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MSU event to demonstrate how packaging impacts health outcomes

Healthcare Packaging Immersion Experience (HcPIE) creates learning experience with simulated ER and home healthcare learning experiences.
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FILED IN:  Applications  > Healthcare  > Medical device
     

The scene of a tragic accident, a dramatic OBGYN delivery, and the newest phenomenon of patients caring for patients in home environments are just some of the contexts of care that medical device manufacturers and packaging designers will explore during this year’s Healthcare Packaging Immersion Experience (HcPIE).

Michigan State University’s School of Packaging will again team up with the accredited healthcare simulation facility, the Learning and Assessment Center (LAC) to host its third event for medical device professionals and healthcare practitioners. The event, running Oct. 2-3, 2013, will be held at the James B. Henry Center in East Lansing, MI, with dinner held overlooking Spartan Stadium on the evening of the 2nd.

Previous events, held in 2010 and 2011, received rave reviews from attendees. One attendee indicated that it was “the best packaging seminar, learning experience, and networking event that I have ever attended.”

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The event is designed to allow senior-level medical device packaging professionals access to cutting-edge research and experience the contextual performance of medical packaging in varied contexts of care. Participants have engaging conversations regarding packaging challenges and possible solutions with nurses and doctors.

Conference highlights include the following:

• Speakers slated for leading sessions include: Kevin Smith, a Logistics Management Specialist and Master Gunnery Sergeant of the United States Marine Corps (ret); Global Marketing Director for DuPont Medical and Pharmaceutical Protection on the HPRC Initiative, and Nicole O’Connell of the British Standards Institute (BSI)

• The audience will be immersed in simulations—Attendees will gown and glove to get the full experience of using some of the packages they design. Further, they will have the opportunity to practice aseptic technique. Those able to successfully present their devices to the sterile field will compete for an opportunity to be a caregiving family member during our home health simulation.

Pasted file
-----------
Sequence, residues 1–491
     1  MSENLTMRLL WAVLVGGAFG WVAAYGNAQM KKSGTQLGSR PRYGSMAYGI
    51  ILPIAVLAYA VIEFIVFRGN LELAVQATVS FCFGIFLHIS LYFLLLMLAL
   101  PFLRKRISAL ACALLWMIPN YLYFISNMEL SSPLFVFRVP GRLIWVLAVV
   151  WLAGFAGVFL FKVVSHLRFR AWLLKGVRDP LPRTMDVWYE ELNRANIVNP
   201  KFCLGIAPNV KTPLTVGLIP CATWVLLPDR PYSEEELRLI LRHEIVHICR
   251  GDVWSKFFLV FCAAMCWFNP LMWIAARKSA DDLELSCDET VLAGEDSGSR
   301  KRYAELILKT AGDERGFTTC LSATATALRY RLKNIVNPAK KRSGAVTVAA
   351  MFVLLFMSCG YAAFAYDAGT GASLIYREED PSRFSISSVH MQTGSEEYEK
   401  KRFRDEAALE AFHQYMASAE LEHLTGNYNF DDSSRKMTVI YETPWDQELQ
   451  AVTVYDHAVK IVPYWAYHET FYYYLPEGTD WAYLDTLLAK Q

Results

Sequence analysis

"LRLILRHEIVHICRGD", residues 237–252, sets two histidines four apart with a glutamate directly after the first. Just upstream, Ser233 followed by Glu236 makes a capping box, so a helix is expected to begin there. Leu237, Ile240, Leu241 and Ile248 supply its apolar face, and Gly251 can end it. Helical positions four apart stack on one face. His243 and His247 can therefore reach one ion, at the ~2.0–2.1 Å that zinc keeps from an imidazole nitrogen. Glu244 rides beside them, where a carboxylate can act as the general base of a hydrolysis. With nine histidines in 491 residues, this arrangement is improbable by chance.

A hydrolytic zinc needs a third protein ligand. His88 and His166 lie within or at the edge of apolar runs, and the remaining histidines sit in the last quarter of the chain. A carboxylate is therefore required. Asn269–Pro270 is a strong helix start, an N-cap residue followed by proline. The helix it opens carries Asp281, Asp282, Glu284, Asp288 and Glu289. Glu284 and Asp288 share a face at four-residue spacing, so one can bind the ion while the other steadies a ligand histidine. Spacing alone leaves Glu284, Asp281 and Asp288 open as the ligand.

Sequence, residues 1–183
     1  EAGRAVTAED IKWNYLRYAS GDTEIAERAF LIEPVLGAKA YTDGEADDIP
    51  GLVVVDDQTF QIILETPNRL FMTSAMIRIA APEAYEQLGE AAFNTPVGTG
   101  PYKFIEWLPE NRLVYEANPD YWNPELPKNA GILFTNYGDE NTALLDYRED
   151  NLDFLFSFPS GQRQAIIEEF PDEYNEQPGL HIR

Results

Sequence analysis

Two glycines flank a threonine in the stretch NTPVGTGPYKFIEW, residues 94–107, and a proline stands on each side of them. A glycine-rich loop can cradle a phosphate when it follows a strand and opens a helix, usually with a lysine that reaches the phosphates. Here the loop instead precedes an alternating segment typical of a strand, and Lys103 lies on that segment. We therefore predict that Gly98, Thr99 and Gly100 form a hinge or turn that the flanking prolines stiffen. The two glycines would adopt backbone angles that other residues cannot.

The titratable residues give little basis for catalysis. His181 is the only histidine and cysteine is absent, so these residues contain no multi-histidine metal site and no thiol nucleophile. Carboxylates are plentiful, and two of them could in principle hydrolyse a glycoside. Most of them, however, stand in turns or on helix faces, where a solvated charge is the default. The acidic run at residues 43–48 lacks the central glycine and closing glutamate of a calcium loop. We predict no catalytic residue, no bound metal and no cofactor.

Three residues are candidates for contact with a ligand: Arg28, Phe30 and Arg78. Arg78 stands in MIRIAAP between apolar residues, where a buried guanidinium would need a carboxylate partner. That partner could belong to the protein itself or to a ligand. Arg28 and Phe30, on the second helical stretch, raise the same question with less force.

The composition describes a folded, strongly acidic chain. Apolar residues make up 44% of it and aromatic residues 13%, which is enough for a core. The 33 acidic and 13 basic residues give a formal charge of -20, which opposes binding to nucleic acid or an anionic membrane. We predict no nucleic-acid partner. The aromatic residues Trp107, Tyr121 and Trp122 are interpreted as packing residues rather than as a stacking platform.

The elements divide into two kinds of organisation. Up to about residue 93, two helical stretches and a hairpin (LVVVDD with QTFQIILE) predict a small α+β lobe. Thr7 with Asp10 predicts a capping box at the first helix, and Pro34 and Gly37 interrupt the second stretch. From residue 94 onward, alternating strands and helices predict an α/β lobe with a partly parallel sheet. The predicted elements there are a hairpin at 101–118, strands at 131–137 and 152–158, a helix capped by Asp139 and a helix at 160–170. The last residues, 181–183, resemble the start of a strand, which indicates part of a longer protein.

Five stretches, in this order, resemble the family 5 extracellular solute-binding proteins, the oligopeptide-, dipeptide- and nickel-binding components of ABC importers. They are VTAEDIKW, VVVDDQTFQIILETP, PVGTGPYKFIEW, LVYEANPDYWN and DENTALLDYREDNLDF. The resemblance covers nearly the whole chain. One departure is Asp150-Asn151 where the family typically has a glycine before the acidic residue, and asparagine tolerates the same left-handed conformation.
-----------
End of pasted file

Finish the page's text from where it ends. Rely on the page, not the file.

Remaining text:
• Prehopsital simulation—Attendees will be immersed in an accident scene in which a father and his pregnant daughter must react as seconds count.

• OBGYN simulation—A simulated delivery will occur as the trauma of the first simulation induces preterm labor in the daughter and a dramatic delivery.

• Home health simulation—Research suggests (Coleman, 2003) that 80% to 90% of long-term care is provided by family members, who have reported that they regularly assist with mediation, administer IVs/injections, help with assistive devices, wound care, monitors, and medical equipment. This simulation will provide insights into the stress and difficulty caring for a loved one can impose and how product/package design can aid or hinder this burden.

• Incredible journey of a patient (from emergency to home health)—Attendees will gain insight into the roles and expectations of the varied providers, from the prehospital environment to emergency, pre-op, intra-op, post-op ward care and home health. Design factors of great importance in one environment may have limited value in others. Understand what is needed and valued by all.

"Our goal is to provide a bridge between the people designing and manufacturing the devices and packaging and the real world," says Laura Bix, Associate Professor at the Michigan State University School of Packaging. "It's important to know how what you as a packaging engineer produce impacts health outcomes." This unique education experience will show you what aspects you must consider when designing devices and their packages.

MaryKay Smith, Director of MSU’s LAC concurs, "Packaging engineers and manufacturers are, generally speaking, not physicians or technicians in either the emergency or the operating rooms," Smith said. "Simulations provide an opportunity to evaluate how devices work—and don't—in a safe environment. Ultimately, this can lead to better quality patient care."

MSU is the only university in the world to bring together faculty members from colleges of Human Medicine, Nursing, Osteopathic Medicine, Veterinary Medicine, and a School of Packaging, so it is logical that the institution host an event like this.

"We want to know how all the different elements come together to create a situation that is optimal or not in order to work together to, literally, save lives," Bix says.

In addition to MSU, the conference is sponsored by DuPont, Rollprint, Thermoform Engineered Quality (TEQ), Neenah Paper, Glenroy, and Oliver-Tolas Healthcare Packaging.
 

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